As for Barton, he has a habit of having to take back things he said. Google his name and “unconfirmed quotations”.
Better than ebonics!
First off, there is no book of "RevelationS". Second, there is no generally accepted view of eschatology held among conservative Protestant Christians. (I have no idea what the word "fundamentalists" means in the context of your post.)
Given that Jefferson rejected the divinity of Christ, the Resurrection, the virgin birth, etc, etc I'm sure there are plenty of Christians who have issues with Jefferson.
I'm SURE you're one of the exceptions./s
"In a sense, we each form our own canon of acceptable ideas; we each have our own "apocrypha" of marginal thoughts, and our own collection of ideas which we discard into the void, dismissing them from our canon of thought entirely." "One man saw another sitting at the table with a Bible, pen in hand. He was using the pen to make a series of horizontal lines in the Bible's text.
"Underlining your favorite verses?" the first man asked cheerfully.
"Nope," the man with the pen replied. "I'm crossing out the parts that don't apply to me!"
".....The basic claims of Christianity are still there, canon or no canon.
The anecdote above, indeed, reveals the pointlessness of arguing about the canon. The tendency towards syncretism, and the application of personally-preferred truths to the minimization of those found less comfortable, is inescapable, especially in our modern, post-modern environment. Whether God had a hand in the selection and forming of the canon, or whether it was just a random assortment thrown together by the winds of history, the result will be the same: There will always be those, believer and non-believer alike, who will take mental pen in hand and "cross out" the parts of the Bible (or any set of ideas, for that matter) that they find uncomfortable, or add on things that will personally give them a warm and fuzzy feeling inside. ...."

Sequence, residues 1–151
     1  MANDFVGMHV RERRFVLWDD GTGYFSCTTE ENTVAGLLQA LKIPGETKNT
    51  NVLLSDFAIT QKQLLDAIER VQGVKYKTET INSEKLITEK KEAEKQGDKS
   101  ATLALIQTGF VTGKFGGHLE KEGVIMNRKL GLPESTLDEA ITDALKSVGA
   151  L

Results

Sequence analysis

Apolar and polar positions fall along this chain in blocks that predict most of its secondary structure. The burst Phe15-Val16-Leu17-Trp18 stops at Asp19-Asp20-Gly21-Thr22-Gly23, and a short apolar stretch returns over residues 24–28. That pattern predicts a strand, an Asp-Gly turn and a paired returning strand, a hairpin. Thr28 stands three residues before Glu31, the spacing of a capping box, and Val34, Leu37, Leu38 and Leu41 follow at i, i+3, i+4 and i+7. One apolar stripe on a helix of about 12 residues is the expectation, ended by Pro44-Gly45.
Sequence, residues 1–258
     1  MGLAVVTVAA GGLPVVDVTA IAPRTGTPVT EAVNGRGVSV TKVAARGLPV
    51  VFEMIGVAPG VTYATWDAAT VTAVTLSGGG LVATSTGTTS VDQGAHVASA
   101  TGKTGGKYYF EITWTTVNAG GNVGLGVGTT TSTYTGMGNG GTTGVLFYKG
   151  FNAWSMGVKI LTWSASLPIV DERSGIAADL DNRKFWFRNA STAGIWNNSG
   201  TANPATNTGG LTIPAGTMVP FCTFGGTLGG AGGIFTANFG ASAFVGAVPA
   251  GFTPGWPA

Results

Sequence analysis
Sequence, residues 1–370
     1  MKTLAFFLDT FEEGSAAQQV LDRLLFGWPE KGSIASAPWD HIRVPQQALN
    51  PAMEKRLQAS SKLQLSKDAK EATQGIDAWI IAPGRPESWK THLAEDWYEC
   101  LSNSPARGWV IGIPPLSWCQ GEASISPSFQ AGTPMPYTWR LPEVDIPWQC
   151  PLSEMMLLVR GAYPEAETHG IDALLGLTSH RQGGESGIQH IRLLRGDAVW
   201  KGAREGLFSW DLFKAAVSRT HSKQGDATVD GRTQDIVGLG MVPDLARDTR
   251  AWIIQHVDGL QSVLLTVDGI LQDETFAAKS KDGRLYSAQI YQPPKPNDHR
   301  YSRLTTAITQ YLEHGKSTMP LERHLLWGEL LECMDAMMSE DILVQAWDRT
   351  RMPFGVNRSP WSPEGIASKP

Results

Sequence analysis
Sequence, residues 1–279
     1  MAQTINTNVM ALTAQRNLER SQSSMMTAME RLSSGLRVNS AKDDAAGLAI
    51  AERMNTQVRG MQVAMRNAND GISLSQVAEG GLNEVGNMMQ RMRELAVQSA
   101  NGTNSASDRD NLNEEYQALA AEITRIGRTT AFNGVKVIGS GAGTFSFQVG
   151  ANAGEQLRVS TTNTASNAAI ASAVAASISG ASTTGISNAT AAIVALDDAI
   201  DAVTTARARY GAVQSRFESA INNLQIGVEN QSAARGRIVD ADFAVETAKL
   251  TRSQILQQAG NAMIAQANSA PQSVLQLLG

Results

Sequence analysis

Exactly. Jefferson was no Christian. He was a Deist. And his views on the “separation of church and state” have confused and complicated many away from the true intent of our Constitution.
His “Bible” is representative of his political views as well.
False and incomplete.
I do not understand why “ fundamenalists” or whatever people feel the need to believe enrything literally.
As TJ pointed out the basic message of Jesus and Christianity are remarkable enough.
I enjoyed the article and I think Jefferson was closer to Christian than atheist.
I quite agree.
However I personally try to adapt my opinions to what I perceive the Bible as teaching, rather than the other way around.
No doubt I fail to fully implement this, and deceive myself that I’m doing so when I’m not.
OTOH, I’ve never sat down and cut out parts of the Bible that I dislike.
Possibly Tom was just more honest with himself than I am. But I don’t think so.
Tom was a very interesting guy, and had many more unpleasant aspects to his character than is the common perception among Americans.
Doris Kearns Goodwin has risen above that bar and rehabilitated herself. Oh, yes. That was just plagiarism she was found guilty of -- not wholesale invention.